So I have finally started my research project. I am sampling two different groups of gorillas in Bwindi. One group lives in the mountains right near my camp, so I can go sample those myself each week. The other group is in the eastern side of Bwindi in a place called Ruhija. I needed to go to Ruhija, to meet the person who would take my samples for me each week. I took the samples this week, and I got to see those gorillas which was very exciting. (There were 6 young ones!!!) It took about two and half hours to drive 45km, and it was on a motorcycle. Which might sound lovely in the beautiful weather but the roads are not paved and can be quite narrow. It was definitely an adventure but the view was beautiful. I saw mountain after mountain after mountain. I saw the valleys where people grow a lot of tea and coffee plants, pseudo-green houses to dry out charcoal, goats and pigs tied to small plants along side the road edges, chickens crossing the road in front of the motorcycle. There were so many turns in the road that I couldnt navigate which direction was which. All of the children would run to the edge of the road to say hello to me, because I’m a white person of course. Sometimes we drove through a forest, sometimes it was on top of the mountain, sometimes it was the edge of the mountain. I wish I could sit there and paint the views sometimes. When we got to Ruhija, we went straight to the ranger office to introduce myself and then we went to our lodge. Although there are similar amount of people in Ruhija to Buhoma (where I am staying) they dont get as many tourists so I stood out a lot more than I do here. Its funny how used to I am to sleeping in my tent, with the free air and not enclosed within walls. The accommodations in Ruhija was basically a room with a bed. The bathrooms were separate and though had running water, didnt have lights inside. The room felt like a prison honestly. It did lock and I could lock it from the outside as well when I left. The lodge gates were closed at night so I was not actually concerned about my safety but it was uncomfortable needless to say. When the receptionist spoke with Stephen and me, she was cordial. But when she spoke to just myself, she was rude and condescending. I actually missed my camp which doesnt have running water and where I live in a tent and where even though I’m the white person, I am respected.
A white person is called Muzungu in the local language here. It was one of the first words that I learned, and its a word I hear a lot. Its a funny joke between myself and the guys who work in my camp. Its even a joke between the rangers and I. But it wasnt a joke to be the only Muzungu in Ruhija, where not that many speak english. The children just walk up and ask for money, calling me a Muzungu. While we were riding the motorcycle, some children would try to hit my bag as we drove by. A lot of older people looked at me with anger. But then there were the children who said how are you!!! instead of asking for money, and there was a beautiful older woman who gave me a smile that reminded me of grandma when I waved.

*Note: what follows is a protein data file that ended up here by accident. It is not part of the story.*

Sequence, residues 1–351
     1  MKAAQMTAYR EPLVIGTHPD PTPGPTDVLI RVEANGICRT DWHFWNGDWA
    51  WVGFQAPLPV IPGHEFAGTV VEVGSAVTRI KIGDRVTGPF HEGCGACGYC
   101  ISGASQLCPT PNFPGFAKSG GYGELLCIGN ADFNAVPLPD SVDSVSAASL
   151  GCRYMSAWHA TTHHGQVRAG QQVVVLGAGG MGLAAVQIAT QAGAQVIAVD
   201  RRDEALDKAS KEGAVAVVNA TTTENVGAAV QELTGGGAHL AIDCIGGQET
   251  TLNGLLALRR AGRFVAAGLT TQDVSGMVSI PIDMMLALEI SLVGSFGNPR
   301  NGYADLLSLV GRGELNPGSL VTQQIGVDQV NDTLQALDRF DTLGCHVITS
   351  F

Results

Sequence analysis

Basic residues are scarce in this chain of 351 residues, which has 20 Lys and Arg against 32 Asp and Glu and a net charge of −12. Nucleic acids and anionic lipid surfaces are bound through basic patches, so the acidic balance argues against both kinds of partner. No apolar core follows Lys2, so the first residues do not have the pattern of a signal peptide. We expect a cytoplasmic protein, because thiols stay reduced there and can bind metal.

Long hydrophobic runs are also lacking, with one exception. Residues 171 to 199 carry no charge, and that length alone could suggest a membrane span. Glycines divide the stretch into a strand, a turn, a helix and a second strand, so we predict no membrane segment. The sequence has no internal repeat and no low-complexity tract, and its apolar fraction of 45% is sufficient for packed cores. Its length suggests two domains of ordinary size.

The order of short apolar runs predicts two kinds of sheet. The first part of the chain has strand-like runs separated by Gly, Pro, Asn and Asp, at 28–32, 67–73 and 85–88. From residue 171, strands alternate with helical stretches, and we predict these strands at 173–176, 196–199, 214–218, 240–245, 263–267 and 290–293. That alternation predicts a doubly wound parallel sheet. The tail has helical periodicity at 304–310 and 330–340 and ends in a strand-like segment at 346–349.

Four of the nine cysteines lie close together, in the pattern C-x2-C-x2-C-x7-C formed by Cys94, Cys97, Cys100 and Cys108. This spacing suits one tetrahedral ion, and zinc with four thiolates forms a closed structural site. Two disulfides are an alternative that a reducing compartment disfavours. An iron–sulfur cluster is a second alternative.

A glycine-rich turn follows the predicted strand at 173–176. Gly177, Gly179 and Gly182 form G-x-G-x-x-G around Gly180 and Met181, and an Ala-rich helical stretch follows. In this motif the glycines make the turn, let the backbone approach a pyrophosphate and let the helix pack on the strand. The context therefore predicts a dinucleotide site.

A female here is quieter, wears dresses or skirts almost all of the time. She doesn’t wear hats, and cooks, cleans and takes care of the children here. So if you are reading this post, you already know Im frustrated. I have been told that I dress like a man because I wear trousers or pants, that I shouldn’t wear hats because women don’t wear hats. After I said I didn’t like a type of drink, the response was that men are stronger because they drink it. I am reminded that I am a female quite often here, whether its by watching the locals, or by my own interactions. Its not that I dont feel safe. I do really! Its just that this is a culture that gives respect to the man above the women and I come from a family of strong independent women who work hard. But within the males that I interact with each day, there is also a hierarchy. But they seem like servants to me more than employees. Multiple guys were talking to me at once, and I just happened to choose the ‘lesser’ employee to answer before the other, and the ‘higher’ employee spoke over me to finish his statement – he was more important. But I was raised better. I have more to talk about with the ‘servants’ than I do with the staff. I enjoy being with them more than the staff. They are nice, friendly, smart, hard working people and in my opinion deserve more respect than those who might have a degree and seem to be higher in the hierarchy.
I could sit here and be the rich, white female with one degree, working on another at the young age of 24. But I am not. I am happy to be here, although this post might not have shown that picture. Because even though its a bit hard, thats part of the experience.
Photos: top left is a black back, top right is a juvenile eating fruits (awesome picture of him staring right at me) and the bottom is a silverback with a baby on his back, and three sitting around him.
The main photo for this blog, is a real picture I took on top of the Ruhija Mountain. I say this because it looks like a computer generated it.